Living with lung disease or lung cancer, particularly a rare condition, can be very isolating, even at the best of times. As our country and much of the world face one of our greatest challenges, this sense of isolation is being felt broadly.
Each of us plays a vital role in staying apart to slow the spread of coronavirus (COVID-19), but this act of distancing can take its toll mentally and emotionally.
The unique challenges of living with a rare condition don’t go away at a time like this. While your friends and family are caring and supportive, it can feel like no one really understands how you feel. Connecting with someone who has the same condition – someone who understands what you are going through – can make all the difference.
When Peter Ingham was diagnosed with Idiopathic Pulmonary Fibrosis (IPF) in 2016, it was challenging to find anyone in his area he could talk to.
Unfortunately, Peter’s experience is not unique. That’s why Lung Foundation Australia runs services and programs like Peer Connect, which enables people with Pulmonary Fibrosis and IPF to share experiences and provide support to each other. The free service matches eligible people across the country to others in a similar situation, via phone or email.
“I’ve learned that if you’ve got someone to share your journey with, it encourages you to persevere,” Peter said.
“What I like about the Peer Connect service is that you’re matched well. I think it’s good to get in touch with someone and we have great conversations. I must say it does encourage me to keep on track. It’s like a checkpoint in a way.
“It’s very important to stay connected with others who understand what you’re going through. If I was more isolated in my own life and didn’t have someone like my peer to talk to from time-to-time, I feel I’d be worse off.”
Lung Foundation Australia Respiratory Care Nurse, Amanda Curran says a program such as Peer Connect is just one way to connect with others who understand what you’re going through.
“Living with a lung condition can be an isolating experience, even without the additional challenges we’re currently facing. The range of emotions you may be feeling can have a real and lasting impact on your overall wellbeing. Connecting and talking with others who have shared experiences can be immensely therapeutic and is important in helping you navigate through those emotions,” Amanda said.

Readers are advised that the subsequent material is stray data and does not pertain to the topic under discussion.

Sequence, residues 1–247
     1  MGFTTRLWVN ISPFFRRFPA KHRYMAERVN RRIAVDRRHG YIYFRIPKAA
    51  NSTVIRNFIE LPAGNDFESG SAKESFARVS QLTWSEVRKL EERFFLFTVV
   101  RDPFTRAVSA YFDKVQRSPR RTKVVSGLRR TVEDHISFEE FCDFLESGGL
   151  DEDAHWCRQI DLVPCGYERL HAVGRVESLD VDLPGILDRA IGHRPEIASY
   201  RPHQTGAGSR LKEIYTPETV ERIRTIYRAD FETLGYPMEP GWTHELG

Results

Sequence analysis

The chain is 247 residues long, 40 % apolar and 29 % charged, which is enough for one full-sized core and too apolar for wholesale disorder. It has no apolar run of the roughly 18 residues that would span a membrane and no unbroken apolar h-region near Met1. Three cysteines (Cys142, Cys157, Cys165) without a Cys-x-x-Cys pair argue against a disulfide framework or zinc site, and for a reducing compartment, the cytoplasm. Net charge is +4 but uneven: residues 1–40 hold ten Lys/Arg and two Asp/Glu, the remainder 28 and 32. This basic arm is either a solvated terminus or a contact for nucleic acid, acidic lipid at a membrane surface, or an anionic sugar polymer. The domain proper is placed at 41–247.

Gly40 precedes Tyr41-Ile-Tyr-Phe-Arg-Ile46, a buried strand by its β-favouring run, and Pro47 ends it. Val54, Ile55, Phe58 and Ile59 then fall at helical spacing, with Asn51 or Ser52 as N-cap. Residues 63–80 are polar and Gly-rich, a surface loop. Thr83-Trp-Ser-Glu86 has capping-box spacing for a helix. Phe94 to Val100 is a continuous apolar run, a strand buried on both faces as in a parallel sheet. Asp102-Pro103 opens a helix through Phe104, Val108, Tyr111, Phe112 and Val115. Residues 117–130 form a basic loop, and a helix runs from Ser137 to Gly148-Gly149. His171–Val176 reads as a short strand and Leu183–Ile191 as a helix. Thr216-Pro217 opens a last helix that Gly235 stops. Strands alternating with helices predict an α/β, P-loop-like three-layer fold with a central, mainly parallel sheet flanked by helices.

“Peer Connect, and our other support services and programs, provide the opportunity for anyone living with a lung condition to connect with others, no matter the distance. It’s really about breaking down those barriers and providing that extra support which can make all the difference.
“We offer a number of ways to connect virtually, which is particularly helpful for people who live in rural or regional areas and for older Australian’s who may find it challenging to get out and about. It can help to bridge that gap and is a way our community can support and learn from each other during this challenging time. If we don’t offer a support service that’s right for you, we can connect you with other services and programs in your area to ensure you have access to the care you need to live well.”
Whether you’re living with a chronic or rare lung disease or lung cancer, reach out to Lung Foundation Australia and our team can help connect you to information and support services that are right for you.
Connect to care
In these times of uncertainty and with so much change to our everyday lives, it is normal to feel anxious and overwhelmed, especially if you are living with a lung condition.
While face-to-face activities have been put on hold, Lung Foundation Australia is working hard to adapt our support services and programs to ensure patients and their families can access the support and care they need during this time.
We encourage you to reach out to us to find out more about the services and programs available to you, via lungfoundation.com.au/connect or free call 1800 654 301.